Deputies, who intend to “learn the lessons” from the health crisis in France, questioned Professor Didier Raoult on Wednesday to find out his views on the health crisis linked to the coronavirus. The Marseilles researcher did not mince his words to slow down the authority’s lead.
His interlocutors were expecting prominent excursions, they were not disappointed. The controversial Professor Didier Raoult heard on Wednesday, June 24, before the National Assembly’s Inquiry Commission on the management of the crown virus crisis hard against the organization, according to him “completely archaic”, of tests for Covid-19 in France, centralized around the Institute Pasteur.
“I am not a prophet, though I am a beard.” Didier Raoult also disappointed the deputies who wanted to know the “feeling” about the future of the Covid-19 epidemic from Marseille’s researchers, who on the other hand had stifled crisis management by the authorities and conflicts of interest in the research.
FR NW SOT 2 RAOULT AND CHLOROQUINE 19H
Possible tests to do according to the party concerned
“The idea that we couldn’t perform the tests wasn’t true,” said the microbiologist who specializes in infectious diseases, who intended to test massively at his institute, including people without symptoms, contrary to the official strategy at the time.
By multiplying difficult to verify claims, historical slowdowns, and philosophical quotes, Didier Raoult repeatedly made the three hours of hearing “conflict of interest” within the medical research bodies and the Science Council created on March 11 to inform the government’s decision.
A short-term member of this council, he explained that he left him because the issues discussed there, such as the accommodation, “did not concern him”, and regretted that the choice of therapeutic recommendations was made outside this instance.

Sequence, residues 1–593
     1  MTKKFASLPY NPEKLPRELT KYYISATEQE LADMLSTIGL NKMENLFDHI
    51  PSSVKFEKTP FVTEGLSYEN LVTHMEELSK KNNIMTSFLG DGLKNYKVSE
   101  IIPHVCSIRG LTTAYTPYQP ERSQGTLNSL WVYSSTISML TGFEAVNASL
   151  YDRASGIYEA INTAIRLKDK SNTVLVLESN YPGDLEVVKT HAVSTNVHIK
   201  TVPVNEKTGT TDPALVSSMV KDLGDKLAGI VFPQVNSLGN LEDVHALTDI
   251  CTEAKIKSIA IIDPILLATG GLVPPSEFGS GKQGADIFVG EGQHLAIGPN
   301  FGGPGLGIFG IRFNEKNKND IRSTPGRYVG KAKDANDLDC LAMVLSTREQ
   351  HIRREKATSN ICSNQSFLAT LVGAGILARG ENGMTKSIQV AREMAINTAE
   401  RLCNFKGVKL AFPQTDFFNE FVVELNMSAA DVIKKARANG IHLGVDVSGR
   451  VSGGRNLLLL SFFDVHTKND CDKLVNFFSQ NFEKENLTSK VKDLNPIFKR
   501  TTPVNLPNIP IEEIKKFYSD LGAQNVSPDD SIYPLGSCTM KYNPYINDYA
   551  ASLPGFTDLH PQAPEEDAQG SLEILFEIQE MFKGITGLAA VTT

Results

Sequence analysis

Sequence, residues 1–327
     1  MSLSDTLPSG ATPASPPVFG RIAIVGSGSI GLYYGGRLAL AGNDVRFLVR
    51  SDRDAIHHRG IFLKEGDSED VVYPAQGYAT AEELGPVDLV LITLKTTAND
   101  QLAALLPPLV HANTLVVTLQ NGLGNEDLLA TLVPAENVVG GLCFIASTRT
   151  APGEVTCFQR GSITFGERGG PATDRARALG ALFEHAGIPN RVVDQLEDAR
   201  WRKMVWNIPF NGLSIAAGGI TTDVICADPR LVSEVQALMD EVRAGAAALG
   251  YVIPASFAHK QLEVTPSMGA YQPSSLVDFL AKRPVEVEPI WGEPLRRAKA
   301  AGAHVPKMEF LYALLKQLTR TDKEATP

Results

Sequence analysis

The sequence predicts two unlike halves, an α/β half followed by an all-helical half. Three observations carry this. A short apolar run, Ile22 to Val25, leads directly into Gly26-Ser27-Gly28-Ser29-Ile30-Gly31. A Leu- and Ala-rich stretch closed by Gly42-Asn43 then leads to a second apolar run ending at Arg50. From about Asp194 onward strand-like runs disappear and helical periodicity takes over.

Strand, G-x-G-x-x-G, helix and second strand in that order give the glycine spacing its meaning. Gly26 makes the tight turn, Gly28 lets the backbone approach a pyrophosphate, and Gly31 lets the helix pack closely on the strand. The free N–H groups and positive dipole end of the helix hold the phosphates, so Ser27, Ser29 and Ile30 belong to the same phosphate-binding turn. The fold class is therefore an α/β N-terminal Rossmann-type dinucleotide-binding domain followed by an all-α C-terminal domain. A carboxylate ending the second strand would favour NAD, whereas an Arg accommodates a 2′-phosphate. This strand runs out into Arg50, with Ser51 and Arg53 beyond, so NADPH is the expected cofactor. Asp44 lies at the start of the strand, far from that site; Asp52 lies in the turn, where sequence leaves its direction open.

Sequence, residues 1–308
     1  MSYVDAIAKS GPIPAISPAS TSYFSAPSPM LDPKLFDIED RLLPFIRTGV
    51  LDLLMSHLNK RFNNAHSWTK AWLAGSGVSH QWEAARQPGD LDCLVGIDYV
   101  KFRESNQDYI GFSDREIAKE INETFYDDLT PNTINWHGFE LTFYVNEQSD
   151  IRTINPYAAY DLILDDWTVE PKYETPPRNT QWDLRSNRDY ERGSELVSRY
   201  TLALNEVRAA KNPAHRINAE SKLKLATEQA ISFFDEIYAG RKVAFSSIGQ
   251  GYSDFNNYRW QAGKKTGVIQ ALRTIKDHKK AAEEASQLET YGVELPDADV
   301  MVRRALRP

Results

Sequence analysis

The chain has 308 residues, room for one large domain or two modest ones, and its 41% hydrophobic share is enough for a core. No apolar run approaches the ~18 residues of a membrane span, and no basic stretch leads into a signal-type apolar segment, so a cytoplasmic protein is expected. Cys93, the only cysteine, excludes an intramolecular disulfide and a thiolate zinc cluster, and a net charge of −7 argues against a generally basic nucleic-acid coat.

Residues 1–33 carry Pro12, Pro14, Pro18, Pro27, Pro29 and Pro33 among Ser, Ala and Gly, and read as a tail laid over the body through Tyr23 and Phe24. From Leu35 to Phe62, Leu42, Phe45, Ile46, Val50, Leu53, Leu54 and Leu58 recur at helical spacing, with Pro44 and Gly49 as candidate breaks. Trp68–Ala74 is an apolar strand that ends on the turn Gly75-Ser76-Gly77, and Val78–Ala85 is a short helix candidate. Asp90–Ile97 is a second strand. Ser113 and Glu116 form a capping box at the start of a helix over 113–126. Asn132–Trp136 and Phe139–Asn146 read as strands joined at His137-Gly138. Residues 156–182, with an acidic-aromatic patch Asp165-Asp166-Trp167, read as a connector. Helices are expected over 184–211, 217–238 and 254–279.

CONFLICT OF iNTERESTS
The researcher also questioned the excessive use of mathematical modeling, a “belief (…) that ends up being religion”.
Professor Raoult also renewed before the Investigative Commission the assertion that certain hydroxychloroquine detectors are economically linked to the Gilead Laboratory, the manufacturer of strap divider, another molecule whose efficacy is tested in the treatment of Covid-19.
“I’m not saying they were bought for it,” he cured, referring to “an ecosystem,” “trust relationships” “likely to change the assessment of things.”
He said he himself had been threatened by “the one who had received the most money from Gilead in six years”, without naming him.
Instead of the request for clarification from alternates, the microbiologist referred them specifically to consultation with the Transparency Health database, where the lists are interesting between companies and actors in the health sector.
>> See: Drawing news: hydroxychloroquine, Donald Trump and Professor Raoult
“Extremely Serious Accusations”
“You have made extremely serious allegations,” summarized Eric Ciotti (LR), draftsman for the committee, and assured that its members would “explore this path” and “draw all the consequences.” Unknown to the public a few months ago, this researcher who easily presents himself as an “anti-system” has become widespread in the media and on social networks since he declared on February 25 that antimalarial chloroquine was “probably the cheapest and easiest treatment to treat coronavirus. “
An optimism that is far from being shared by health authorities and a large majority of researchers, who emphasize that this molecule has not been shown to be effective in the treatment of Covid-19 and warns of its undesirable effects.
“Medical decisions” (…) “in advance of politics”
During his interrogation, the Marseilles scientist, who is currently exchanging his eternal white blouse for a gray jacket and checkered shirt, complained that in this health crisis, “medical decisions” had become “preceded by policy”, citing the ban on prescribing hydroxychloroquine in the treatment of Covid-19 for city doctors. The ban was extended since May 27 in hospitals, except in connection with clinical trials.
“Whoever said we couldn’t use it, he made a mistake. (…) The state grabs data that is common health care on the site of doctors and forbids them things that are trivial, I disagree,” he argued .
Didier Raoult got a little rushed at this point, while several members of the commission of inquiry publicly supported his “protocol” which linked hydroxychloroquine, a derivative of chloroquine commonly used to treat autoimmune diseases, and the antibiotic azithromycin.
The last deputy to ask him, the geneticist Philippe Berta (MoDem) almost managed to get him out of his hinge by asking him about his “pseudo-therapeutic trials that are not allowed by anyone”. “I am a great researcher, I know what an essay is,” the researcher exclaimed.